Potential of home grown energy on show as industry calls on Government to help solar become subsidy-free
Tomorrow (Friday 4 July 2014) solar farms up and down the country will be opening their doors to the public in an effort to show what solar farms can do for rural areas in supporting local farmers and wildlife.
Local residents, schools, businesses and community groups will be making their way to nearby solar farms in their area to ask questions about how solar makes the electricity that lights their homes and powers their lives. This is the first such event of its kind and is being billed as a real opportunity for people to get up close and personal with this emerging technology.
The Solar Trade Association's Chief Executive Paul Barwell said:
"Solar is a secure, home-grown solution to Britain's dual crises of security of supply and spiralling energy bills. It means independence from fossil fuel imports and independence for consumers."
"Solar Independence Day is about involving local people and raising awareness of the facts: solar makes no noise, has no moving parts and produces no waste or carbon. In fact, it is Britain's most popular form of energy development."
The nationwide event is part of a wider '10 Commitments' push from the Solar Trade Association on the responsible development of solar farms. The industry is working to show how solar farms can be sited on low quality land, have minimal visual impact and can be used to enhance biodiversity.
Solar Independence Day follows recently published guidance on how solar farms can become biodiversity hotspots, supported by several leading UK conservation charities including the RSPB and the National Trust .
Jonathan Scurlock from the National Farmers Union, which supports the initiative, commented:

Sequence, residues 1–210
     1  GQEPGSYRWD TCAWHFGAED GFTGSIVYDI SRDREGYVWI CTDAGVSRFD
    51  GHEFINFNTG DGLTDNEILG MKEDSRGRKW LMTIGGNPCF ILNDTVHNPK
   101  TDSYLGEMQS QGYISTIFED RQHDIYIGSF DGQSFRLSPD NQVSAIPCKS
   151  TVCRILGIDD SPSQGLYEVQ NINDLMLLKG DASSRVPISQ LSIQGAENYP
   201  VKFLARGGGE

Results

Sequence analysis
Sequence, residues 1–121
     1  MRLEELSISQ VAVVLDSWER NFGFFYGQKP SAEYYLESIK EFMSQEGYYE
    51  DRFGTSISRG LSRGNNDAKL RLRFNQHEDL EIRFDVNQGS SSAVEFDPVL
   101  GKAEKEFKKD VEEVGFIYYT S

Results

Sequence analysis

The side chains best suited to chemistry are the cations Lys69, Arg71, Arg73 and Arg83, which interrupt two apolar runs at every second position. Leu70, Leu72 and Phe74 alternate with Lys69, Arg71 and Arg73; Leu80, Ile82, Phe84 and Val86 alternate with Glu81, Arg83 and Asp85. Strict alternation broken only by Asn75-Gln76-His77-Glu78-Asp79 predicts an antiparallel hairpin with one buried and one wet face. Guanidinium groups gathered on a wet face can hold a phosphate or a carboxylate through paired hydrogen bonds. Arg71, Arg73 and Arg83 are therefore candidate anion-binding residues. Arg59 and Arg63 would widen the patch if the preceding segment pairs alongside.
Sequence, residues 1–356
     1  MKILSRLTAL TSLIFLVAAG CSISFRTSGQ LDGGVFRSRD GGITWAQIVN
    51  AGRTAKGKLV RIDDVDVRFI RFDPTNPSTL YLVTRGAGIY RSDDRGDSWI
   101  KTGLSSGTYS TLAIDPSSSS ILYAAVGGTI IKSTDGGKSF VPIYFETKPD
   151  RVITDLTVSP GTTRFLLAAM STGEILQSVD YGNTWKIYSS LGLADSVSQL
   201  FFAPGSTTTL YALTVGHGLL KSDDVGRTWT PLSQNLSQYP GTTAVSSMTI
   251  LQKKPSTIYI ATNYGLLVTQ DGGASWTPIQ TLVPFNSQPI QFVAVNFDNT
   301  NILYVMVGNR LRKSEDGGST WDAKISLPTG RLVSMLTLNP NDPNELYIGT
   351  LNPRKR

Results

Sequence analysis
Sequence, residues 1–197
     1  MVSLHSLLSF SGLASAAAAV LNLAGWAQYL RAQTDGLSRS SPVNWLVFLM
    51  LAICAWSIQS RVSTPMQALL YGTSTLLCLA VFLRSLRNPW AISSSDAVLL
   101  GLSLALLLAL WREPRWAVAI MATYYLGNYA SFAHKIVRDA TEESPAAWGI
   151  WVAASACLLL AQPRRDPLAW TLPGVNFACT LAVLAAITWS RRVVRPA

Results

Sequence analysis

"Many people don't realise that solar farms can be used as havens for birds, wildflowers and endangered bumblebees, and can continue to be used for agriculture with sheep grazing between the rows of panels."
Polls have shown that 71% of people support well sited solar farms (YouGov) and 84% of people in Scotland would be happy or unconcerned about living close to a solar farm.
Solar Independence Day has received widespread support, with the Bumblebee Conservation Trust set to attend the Tavells solar farm in Hampshire, and the National Farmers Union to be represented at Wymeswold site near Loughborough. Children from St Bartholomew's CE Primary School will be attending the Dunsfold solar farm in Surrey – which is also home to the Top Gear racetrack. Children from Willersey CE Primary School in Gloucestershire have also spent the week painting bird, bat and hedgehog boxes for a new nearby farm.
Contrary to common perception solar panels in the UK produce 60% as much power as in the Sahara desert and panels work more efficiently in cooler British temperatures than in hot weather.
However the day is also about making a serious point about the Government's policy on solar farms. Solar Trade Association CEO Paul Barwell concluded:
"If the Government does as it says and pulls the rug out from under the UK's second cheapest mainstream renewable it will just mean more public spending on more expensive alternatives to meet climate targets."
"The cost of solar has fallen by 65% since this Government came to power. We want to get to the point where we can compete without public subsidy. But if our politicians hold solar back, if they do not provide a stable policy environment and a level playing field, we may never get there."